Monday, September 21, 2009
The Acorn Problem
[for anyone finding this post while looking for more blabbing about an alleged scandal involving a certain group of urban organizers, joke's on you! hawhaw, hawhaw!]
No, the acorn problem I'm having is a pleasant one, one about which I have many questions. The pin oak in front of the house here is producing a bumper crop this year, and the acorns are precipitating down onto my sidewalk, and the neighbor's driveway, in a continuous heavy drizzle. I have to sweep them up daily, and each day is producing a 13-gallon size garbage bag full!
I must sweep them for several reasons. First, this is Brooklyn, and as such, householders must upkeep their sidewalk frontage. Secondly, the acorns scattered everywhere are like marbles cast every which way, just waiting for any number of passers-by to slip, fall, bust their keisters, and sue, sue, sue.
Third, the fatty, green acorns, when crushed on the bluestone paving, actually stain it, they're so juicy! Fourth, I loooooooooooooooove acorns. Just a work of design genius--Ma Nature really on her game, in my opinion. I want to keep every single one of them, because they are perfection. A happy memory snapshot of mine is my stealth visit to Ryan Gainey's garden/house in Decatur, GA, and catching him in his bathrobe very energetically sweeping up white oak acorns. The scene before me was just infinitely delightful to behold.
Now, coming down with the acorns are twigs of leaves, too. Sometimes with acorns still attached, sometimes not. But really, the tree seems to be denuding itself of about a third of its green leaves into the bargain.
The show the local squirrels are putting on is quite amusing, as they are just delirious at the bounty, as you might imagine. [But they aren't helping with my sweeping chores, the little blighters.] I can sit in the backyard, and watch the squirrels race up the back neighbors' tall trees, none of which produce crop of any sort, then literally take a flying leap onto the roof of our house. Then they race across to the front, leap again onto the pin oak in front of the house, and have at it. Of course, they cause so many more acorns to bonk down onto the sidewalk as they root around maniacally. Momentarily, I can observe them on their return trip, with a gobful of acorns, or gnashing at a twig full of leaves with acorns. Off they go to wherever they are stashing them. Then back for more. With a nice cold beer in hand, it's diverting for a pleasant hour.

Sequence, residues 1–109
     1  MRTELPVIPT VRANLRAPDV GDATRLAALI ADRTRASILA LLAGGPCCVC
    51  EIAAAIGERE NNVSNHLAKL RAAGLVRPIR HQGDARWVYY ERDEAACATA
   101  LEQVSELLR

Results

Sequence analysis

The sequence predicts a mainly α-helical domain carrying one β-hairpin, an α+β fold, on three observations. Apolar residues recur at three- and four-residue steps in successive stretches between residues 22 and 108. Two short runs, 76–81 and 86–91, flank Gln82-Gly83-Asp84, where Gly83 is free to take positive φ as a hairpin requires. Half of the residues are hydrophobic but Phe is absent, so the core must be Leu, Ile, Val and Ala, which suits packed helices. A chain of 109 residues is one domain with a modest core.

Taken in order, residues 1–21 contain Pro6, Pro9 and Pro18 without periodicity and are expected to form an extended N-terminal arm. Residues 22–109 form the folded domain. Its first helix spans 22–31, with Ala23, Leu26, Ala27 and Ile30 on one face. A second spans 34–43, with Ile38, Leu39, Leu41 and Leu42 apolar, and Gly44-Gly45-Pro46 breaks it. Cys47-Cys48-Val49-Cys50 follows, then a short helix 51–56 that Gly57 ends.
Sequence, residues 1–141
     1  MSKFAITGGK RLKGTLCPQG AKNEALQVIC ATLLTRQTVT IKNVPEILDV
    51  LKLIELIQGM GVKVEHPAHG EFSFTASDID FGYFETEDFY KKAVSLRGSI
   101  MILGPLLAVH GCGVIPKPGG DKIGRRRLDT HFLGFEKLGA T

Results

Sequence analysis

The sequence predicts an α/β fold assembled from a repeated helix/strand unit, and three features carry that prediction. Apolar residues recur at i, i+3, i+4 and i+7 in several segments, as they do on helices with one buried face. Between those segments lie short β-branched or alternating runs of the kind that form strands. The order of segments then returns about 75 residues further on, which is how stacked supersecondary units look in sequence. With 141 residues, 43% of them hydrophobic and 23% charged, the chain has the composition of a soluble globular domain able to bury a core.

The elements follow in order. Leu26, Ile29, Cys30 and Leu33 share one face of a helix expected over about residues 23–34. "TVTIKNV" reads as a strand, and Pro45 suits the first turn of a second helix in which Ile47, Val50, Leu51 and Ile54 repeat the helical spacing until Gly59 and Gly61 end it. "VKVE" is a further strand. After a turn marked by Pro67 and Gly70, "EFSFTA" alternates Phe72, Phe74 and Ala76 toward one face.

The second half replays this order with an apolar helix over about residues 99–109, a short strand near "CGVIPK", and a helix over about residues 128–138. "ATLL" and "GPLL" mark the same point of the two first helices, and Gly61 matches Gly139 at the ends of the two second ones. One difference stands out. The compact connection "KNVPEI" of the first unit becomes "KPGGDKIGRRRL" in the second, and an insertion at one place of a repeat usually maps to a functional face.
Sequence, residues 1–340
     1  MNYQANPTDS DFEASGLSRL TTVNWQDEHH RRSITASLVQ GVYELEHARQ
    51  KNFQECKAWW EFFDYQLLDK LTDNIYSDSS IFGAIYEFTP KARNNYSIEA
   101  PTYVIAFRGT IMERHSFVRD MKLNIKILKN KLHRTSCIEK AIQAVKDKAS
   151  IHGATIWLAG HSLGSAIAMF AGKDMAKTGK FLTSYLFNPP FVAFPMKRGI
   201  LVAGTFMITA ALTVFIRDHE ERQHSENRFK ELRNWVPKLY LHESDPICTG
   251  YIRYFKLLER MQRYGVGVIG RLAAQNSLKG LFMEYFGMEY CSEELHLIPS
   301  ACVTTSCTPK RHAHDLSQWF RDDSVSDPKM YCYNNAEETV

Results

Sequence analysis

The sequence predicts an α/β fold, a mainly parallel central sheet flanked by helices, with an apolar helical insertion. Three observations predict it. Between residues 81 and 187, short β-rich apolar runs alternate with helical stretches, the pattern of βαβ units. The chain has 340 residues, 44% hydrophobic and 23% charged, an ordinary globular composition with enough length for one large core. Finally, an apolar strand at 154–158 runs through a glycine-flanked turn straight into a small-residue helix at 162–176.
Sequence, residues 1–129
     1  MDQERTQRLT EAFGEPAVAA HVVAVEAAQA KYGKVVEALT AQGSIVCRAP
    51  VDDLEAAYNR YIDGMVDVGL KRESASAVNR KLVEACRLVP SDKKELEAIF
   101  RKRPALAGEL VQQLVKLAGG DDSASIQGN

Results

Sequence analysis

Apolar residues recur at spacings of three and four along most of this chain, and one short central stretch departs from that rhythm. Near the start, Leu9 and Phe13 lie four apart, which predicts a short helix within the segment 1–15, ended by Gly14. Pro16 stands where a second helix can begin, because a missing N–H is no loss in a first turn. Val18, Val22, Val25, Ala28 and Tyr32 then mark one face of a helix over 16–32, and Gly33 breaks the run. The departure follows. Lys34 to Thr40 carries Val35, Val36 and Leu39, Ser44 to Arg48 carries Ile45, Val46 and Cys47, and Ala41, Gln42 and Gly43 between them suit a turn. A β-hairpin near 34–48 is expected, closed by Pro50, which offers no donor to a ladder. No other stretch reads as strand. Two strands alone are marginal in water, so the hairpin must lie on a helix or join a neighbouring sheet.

I am not throwing the acorn sweepings into the NYC trash. Nooooooo. I am hoarding my bagsful, just like the squirrelies. Only, I don't quite know yet what I am going to do with them. There is no compost here in my Brooklyn postage-stamp yard...no room. And anyway, do acorns compost in anytime under ten years?
Do I donate them somewhere? String them for Christmas decor? Make a stew? Give them to a zoo for feed? I recall at the Hampton Court Garden show, one exhibit was an expanse of just-sprouting acorns, forming a green swath of oaktree seedlings--it was lovely. Not practical for here! I'm open to any and all suggestions. All I know is disposing of them into the trash stream is a crime.
That is my main question. But I have others...are there "good" acorn years and off years? Does this crop reflect the very rainy summer we just had? If there is this bounty of acorns, is it just my tree, or are all pin oaks, or oaks in general, going like sixty also? Does a big year for acorns mean everybody in the food chain has a better year? In town, and in the burbs and countryside? More deer? More rabbits, squirrels? Chipmunks? Ditto white-footed mice? And eventually, of course, more TICKS?
I guess I have a date with Mr. Google tonight.
In the meantime, I'm off for the daily sweep-up.